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NASA extends Dawn mission at dwarf planet Ceres

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Washington, Oct 20: NASA has approved a second extension of the Dawn mission at Ceres, the largest object in the asteroid belt between Mars and Jupiter.

During this extension, the spacecraft will descend to lower altitudes than ever before at the dwarf planet, which it has been orbiting since March 2015, the US space agency said on Thursday.

The spacecraft, which has already completed 10 years of spaceflight, will continue at Ceres for the remainder of its science investigation and will remain in a stable orbit indefinitely after its fuel runs out.

Dawn completed its prime mission in June 2016, and its first extension was also approved that year.

The Dawn flight team is studying ways to manoeuvre Dawn into a new elliptical orbit, which may take the spacecraft to less than 200 kilometres from the surface of Ceres at closest approach. Previously, Dawn’s lowest altitude was 385 kilometers.

A priority of the second Ceres mission extension is collecting data with Dawn’s gamma ray and neutron spectrometer, which measures the number and energy of gamma rays and neutrons, NASA said.

This information is important for understanding the composition of Ceres’ uppermost layer and how much ice it contains.

The spacecraft also will take visible-light images of Ceres’ surface geology with its camera, as well as measurements of Ceres’ mineralogy with its visible and infrared mapping spectrometer.

The extended mission at Ceres additionally allows Dawn to be in orbit while the dwarf planet goes through perihelion, its closest approach to the Sun, which will occur in April 2018.

Because of its commitment to protect Ceres from Earthly contamination, Dawn will not land or crash into Ceres.

Instead, it will carry out as much science as it can in its final planned orbit, where it will stay even after it can no longer communicate with Earth.

Mission planners estimate the spacecraft can continue operating until the second half of 2018.

Dawn is the only mission ever to orbit two extraterrestrial targets. It orbited giant asteroid Vesta for 14 months from 2011 to 2012, then continued on to Ceres, where it has been in orbit since March 2015.(IANS)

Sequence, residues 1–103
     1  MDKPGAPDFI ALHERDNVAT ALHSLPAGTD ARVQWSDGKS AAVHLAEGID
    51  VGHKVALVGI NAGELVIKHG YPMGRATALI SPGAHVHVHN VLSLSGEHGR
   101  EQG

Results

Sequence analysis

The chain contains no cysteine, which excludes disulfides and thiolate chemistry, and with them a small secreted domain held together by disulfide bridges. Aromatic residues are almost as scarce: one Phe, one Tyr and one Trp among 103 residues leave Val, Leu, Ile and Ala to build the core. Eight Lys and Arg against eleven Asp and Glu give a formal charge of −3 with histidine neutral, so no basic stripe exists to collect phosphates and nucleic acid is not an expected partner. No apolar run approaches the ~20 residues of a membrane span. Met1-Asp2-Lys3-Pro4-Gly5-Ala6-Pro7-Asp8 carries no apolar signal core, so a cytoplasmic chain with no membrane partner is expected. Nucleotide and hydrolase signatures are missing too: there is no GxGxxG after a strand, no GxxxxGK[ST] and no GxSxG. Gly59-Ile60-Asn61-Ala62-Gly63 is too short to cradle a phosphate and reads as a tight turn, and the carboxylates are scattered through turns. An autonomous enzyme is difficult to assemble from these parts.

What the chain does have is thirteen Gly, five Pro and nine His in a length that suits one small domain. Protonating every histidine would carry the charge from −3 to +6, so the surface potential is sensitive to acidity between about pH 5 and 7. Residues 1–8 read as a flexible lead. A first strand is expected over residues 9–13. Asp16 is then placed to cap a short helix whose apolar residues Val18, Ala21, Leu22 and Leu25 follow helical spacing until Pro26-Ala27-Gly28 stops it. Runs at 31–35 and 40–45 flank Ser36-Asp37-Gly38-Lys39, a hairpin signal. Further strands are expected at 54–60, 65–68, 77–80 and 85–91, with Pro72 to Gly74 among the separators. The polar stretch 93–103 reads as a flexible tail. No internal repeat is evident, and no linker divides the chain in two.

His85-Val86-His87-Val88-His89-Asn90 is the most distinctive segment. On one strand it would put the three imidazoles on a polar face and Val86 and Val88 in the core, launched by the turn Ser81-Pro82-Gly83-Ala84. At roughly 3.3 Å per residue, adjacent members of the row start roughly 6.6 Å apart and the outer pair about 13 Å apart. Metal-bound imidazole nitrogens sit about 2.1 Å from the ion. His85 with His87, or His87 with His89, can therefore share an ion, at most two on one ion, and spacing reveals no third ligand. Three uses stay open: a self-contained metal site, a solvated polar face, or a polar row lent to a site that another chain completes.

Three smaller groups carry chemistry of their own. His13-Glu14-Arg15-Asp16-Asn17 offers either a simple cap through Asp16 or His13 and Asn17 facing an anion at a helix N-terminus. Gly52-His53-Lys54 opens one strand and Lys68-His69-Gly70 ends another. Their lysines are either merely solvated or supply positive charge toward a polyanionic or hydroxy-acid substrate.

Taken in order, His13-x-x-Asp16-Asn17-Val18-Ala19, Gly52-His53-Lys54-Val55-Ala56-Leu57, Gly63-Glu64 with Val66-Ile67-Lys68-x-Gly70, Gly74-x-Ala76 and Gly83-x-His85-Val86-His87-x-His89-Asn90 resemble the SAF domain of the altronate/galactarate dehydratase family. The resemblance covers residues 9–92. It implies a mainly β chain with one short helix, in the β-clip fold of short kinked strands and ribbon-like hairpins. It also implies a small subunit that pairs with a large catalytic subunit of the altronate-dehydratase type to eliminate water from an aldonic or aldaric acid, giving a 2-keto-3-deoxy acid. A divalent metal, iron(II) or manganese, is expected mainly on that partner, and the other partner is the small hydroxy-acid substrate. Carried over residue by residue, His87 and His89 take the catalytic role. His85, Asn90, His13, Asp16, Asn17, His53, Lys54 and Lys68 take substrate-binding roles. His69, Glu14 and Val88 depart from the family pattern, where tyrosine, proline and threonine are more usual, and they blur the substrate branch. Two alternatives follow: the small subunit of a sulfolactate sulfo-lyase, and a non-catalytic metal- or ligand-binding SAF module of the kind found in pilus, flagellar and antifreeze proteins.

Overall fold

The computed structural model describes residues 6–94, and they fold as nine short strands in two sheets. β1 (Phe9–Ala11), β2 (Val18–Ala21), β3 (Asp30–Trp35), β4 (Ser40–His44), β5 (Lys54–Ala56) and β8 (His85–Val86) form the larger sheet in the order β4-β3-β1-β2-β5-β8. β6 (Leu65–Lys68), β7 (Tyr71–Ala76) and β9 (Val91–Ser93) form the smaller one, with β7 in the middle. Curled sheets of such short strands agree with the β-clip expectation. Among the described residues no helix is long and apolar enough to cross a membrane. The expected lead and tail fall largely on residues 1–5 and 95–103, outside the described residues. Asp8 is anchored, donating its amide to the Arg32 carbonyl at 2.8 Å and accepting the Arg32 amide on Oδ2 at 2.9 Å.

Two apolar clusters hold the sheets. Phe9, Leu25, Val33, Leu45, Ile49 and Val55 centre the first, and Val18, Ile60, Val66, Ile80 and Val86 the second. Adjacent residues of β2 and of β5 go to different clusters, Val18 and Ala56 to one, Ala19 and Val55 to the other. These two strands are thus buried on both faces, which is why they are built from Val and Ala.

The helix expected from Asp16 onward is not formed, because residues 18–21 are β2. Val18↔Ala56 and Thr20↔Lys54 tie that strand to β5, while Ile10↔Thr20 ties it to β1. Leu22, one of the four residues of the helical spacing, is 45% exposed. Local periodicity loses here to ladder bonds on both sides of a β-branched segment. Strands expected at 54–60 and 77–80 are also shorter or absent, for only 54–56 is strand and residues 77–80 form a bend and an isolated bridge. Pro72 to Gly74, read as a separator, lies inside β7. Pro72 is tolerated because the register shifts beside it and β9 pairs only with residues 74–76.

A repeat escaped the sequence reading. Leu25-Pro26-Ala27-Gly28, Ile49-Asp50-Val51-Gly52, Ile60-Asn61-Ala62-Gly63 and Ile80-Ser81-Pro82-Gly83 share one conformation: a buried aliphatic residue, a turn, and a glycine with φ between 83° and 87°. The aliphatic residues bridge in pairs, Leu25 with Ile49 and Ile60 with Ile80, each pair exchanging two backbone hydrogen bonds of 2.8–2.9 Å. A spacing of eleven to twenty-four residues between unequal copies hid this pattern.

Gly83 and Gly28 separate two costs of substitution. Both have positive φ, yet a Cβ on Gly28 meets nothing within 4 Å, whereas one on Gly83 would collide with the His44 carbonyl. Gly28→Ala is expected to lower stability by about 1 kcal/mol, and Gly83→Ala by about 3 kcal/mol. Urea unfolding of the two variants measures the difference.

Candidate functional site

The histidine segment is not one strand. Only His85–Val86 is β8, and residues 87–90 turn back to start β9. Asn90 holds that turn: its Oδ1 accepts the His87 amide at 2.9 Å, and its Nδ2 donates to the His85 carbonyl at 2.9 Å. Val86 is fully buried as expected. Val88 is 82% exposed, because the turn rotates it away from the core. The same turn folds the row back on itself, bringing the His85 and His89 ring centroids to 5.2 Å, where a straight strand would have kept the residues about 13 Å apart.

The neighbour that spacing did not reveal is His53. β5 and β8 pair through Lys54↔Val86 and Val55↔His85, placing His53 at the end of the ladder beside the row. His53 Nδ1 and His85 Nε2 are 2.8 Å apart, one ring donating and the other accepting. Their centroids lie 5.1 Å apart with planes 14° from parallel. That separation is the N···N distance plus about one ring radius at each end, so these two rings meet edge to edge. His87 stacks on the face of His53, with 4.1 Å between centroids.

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Parker Solar Probe Working As Planned: NASA Mission Controllers

Further instrument check-outs and deployments are scheduled in the coming days for the spacecraft.

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Several other designs on the spacecraft keep Parker Solar Probe sheltered from the heat. Flickr

NASA ‘s historic mission to solve the mysteries of the Sun which was launched aboard a United Launch Alliance Delta IV Heavy rocket on August 12 is operating according to plan, mission controllers have said.

As of 12 p.m. EDT on August 16, the Parker Solar Probe was 4.6 million kms from Earth, travelling at 62,764 kms per hour, and heading toward its first Venus flyby scheduled for October 3, 2018, Geoff Brown of Johns Hopkins University Applied Physics Lab, or APL, in Maryland, wrote in a NASA blog post on Friday.

The spacecraft will use Venus to slightly slow itself and adjust its trajectory for an optimal path toward the first perihelion of the Sun on November 5 this year.

“Parker Solar Probe is operating as designed, and we are progressing through our commissioning activities,” said Project Manager Andy Driesman of APL.

This solar probe is humanity’s first-ever mission into the Sun’s atmosphere, called the corona. Here it will directly explore solar processes that are key to understanding and forecasting space weather events that can impact life on Earth.

The mission has already achieved several planned milestones toward full commissioning and operations, according to the mission controllers.

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NASA’s Parker Solar Probe in Space. (IANS)

On August 13, the high-gain antenna, which Parker Solar Probe uses to communicate high-rate science data to Earth, was released from locks which held it stable during launch.

Controllers have also been monitoring the spacecraft as it autonomously uses its thrusters to remove (or “dump”) momentum, which is part of the flight operations of the spacecraft.

Managing momentum helps the spacecraft remain in a stable and optimal flight profile.

There are four instrument suites on board Parker Solar Probe, which will each need to be powered and readied for science data collection.

The FIELDS investigation, which consists of the most elements, went first. It was powered up on August 13 for two activities, Brown said.

First was the opening of the clamps which held four of the five FIELDS antennas stowed during takeoff.

These antennas will be deployed roughly 30 days after launch, and they will stick out from the corners of the spacecraft’s heat shield called the Thermal Protection System and be exposed to the harsh solar environment.

Parker solar probe
The spacecraft, launched from Cape Canaveral Air Force Station. IANS

Second, the spacecraft’s magnetometer boom was fully deployed. This boom contains three magnetometers and a fifth, smaller electric field antenna, all part of the FIELDS suite.

Also Read: India will Send a Manned Flight into Space by 2020: Modi

Further instrument check-outs and deployments are scheduled in the coming days for the spacecraft, Brown said. (IANS)